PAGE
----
What is hip osteoarthritis?
Hip osteoarthritis is characterized by progressive loss and degeneration of articular cartilage, sclerosis (hardening) of underlying bone and excessive bone growth leading to osteophytes (forest protrusions). These often lead to pain, stiffness, loss of mobility, reduced daily activities and reduced quality of life.
Can I be helped?
The answer to this question depends on what stage of the osteoarthritis you are at. The good news is that almost everyone benefits from treatments! The severity of hip osteoarthritis is expressed in 4 grades, being 1: mild, 2: moderate, 3: severe, 4: very severe. Only the last group, being grade 4 people with very severe osteoarthritis, cannot be helped with manual therapy.
What should I do with these complaints?
It has been scientifically proven that physiotherapy and manual therapy are beneficial for people with hip osteoarthritis. Patients with hip osteoarthritis experience less pain, stiffness, loss of function and a better quality of life after a series of treatments.
In fact, scientific research shows that manual therapy consisting only of manipulations/mobilizations and stretching gives better results than physiotherapy consisting of exercise therapy alone. And that if you combine manual therapy with physiotherapy, you can expect even better results.
What does such a therapy look like?
An intake is done during the first session. A picture of your situation is sketched on the basis of an interview. Then a physical exam is performed to test the function of the hip and surrounding joints. Goals are set and therapy can begin. Scientific research shows that after a period of 5 weeks, 81% of people treated feel that the therapy was a success. In addition, patients also experience less pain, better hip function and mobilities. These effects persisted in the study group for up to 29 weeks without additional or maintenance therapy.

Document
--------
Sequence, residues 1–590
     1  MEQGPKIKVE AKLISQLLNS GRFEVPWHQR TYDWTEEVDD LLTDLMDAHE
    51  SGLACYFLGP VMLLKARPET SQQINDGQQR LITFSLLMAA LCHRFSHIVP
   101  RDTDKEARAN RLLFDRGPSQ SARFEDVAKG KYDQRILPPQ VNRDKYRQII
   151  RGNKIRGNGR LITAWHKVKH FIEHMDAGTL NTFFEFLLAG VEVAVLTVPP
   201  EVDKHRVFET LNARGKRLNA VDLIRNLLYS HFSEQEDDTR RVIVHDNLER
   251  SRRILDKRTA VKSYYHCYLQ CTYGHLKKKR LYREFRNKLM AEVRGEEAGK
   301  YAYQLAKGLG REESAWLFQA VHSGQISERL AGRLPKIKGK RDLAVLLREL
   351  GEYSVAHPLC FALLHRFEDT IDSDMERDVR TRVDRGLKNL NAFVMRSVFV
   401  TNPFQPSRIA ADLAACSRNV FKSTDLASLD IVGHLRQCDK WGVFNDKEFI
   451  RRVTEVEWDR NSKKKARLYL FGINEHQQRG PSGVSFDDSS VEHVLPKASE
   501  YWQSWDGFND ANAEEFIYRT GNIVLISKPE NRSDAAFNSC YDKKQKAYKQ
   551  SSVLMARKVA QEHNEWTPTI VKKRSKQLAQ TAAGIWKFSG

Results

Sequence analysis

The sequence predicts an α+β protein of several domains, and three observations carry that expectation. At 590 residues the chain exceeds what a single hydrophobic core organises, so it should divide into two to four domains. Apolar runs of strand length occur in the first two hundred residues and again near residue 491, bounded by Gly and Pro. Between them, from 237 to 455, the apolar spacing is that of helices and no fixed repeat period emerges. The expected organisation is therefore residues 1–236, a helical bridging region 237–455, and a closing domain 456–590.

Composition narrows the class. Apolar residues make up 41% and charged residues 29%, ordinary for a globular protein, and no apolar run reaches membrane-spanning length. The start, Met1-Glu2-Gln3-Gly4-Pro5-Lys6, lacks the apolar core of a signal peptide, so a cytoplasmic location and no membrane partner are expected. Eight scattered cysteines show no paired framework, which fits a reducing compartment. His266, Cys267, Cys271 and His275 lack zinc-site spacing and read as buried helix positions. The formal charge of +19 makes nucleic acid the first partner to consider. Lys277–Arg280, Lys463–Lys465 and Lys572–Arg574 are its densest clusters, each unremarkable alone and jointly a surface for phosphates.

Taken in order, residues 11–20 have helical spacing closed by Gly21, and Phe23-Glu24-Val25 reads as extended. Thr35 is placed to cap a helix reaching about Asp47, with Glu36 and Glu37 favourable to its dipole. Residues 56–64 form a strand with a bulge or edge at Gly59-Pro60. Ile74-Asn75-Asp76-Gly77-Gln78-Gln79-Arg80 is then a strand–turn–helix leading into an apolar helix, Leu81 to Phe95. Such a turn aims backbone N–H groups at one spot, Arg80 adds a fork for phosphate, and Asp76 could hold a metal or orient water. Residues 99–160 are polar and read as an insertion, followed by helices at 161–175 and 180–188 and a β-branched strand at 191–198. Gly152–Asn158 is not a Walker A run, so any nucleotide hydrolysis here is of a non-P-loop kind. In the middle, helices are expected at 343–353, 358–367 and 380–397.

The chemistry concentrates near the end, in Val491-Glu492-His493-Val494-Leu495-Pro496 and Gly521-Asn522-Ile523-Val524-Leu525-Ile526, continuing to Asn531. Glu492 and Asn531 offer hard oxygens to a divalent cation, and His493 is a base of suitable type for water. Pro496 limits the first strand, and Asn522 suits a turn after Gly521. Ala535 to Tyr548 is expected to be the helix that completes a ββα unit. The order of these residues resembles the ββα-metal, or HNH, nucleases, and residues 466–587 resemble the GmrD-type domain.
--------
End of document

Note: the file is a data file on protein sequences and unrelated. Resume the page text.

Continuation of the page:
what does such a treatment look like?
First there is a warm-up, in which we use devices. Then stretching techniques of pre-identified shortened muscles are stretched, followed by a manipulation in each limited position. As soon as possible, exercise therapy is added to the treatment. This strengthens the muscles and ensures that the gained treatment effects last longer.
Why am I experiencing pain?
High intra-articulated pressure, due to shortening of the joint capsule in osteoarthritis, is associated with pain intensity (Robertsson 1995). These pathological changes lead to reduced mobility of the hip joint. Manual therapy (manipulation and stretching) is partly based on improving the elasticity of this joint capsule and surrounding muscles. This would cause an increase in pain and stiffness, as well as increased mobility.
Hoeksma HL, Dekker J. Comparison of manual therapy and exercise therapy in osteoarthritis of the hip. a randomized clinical trail. 2004. Arthurtis Theum. 15;51(5): 722-9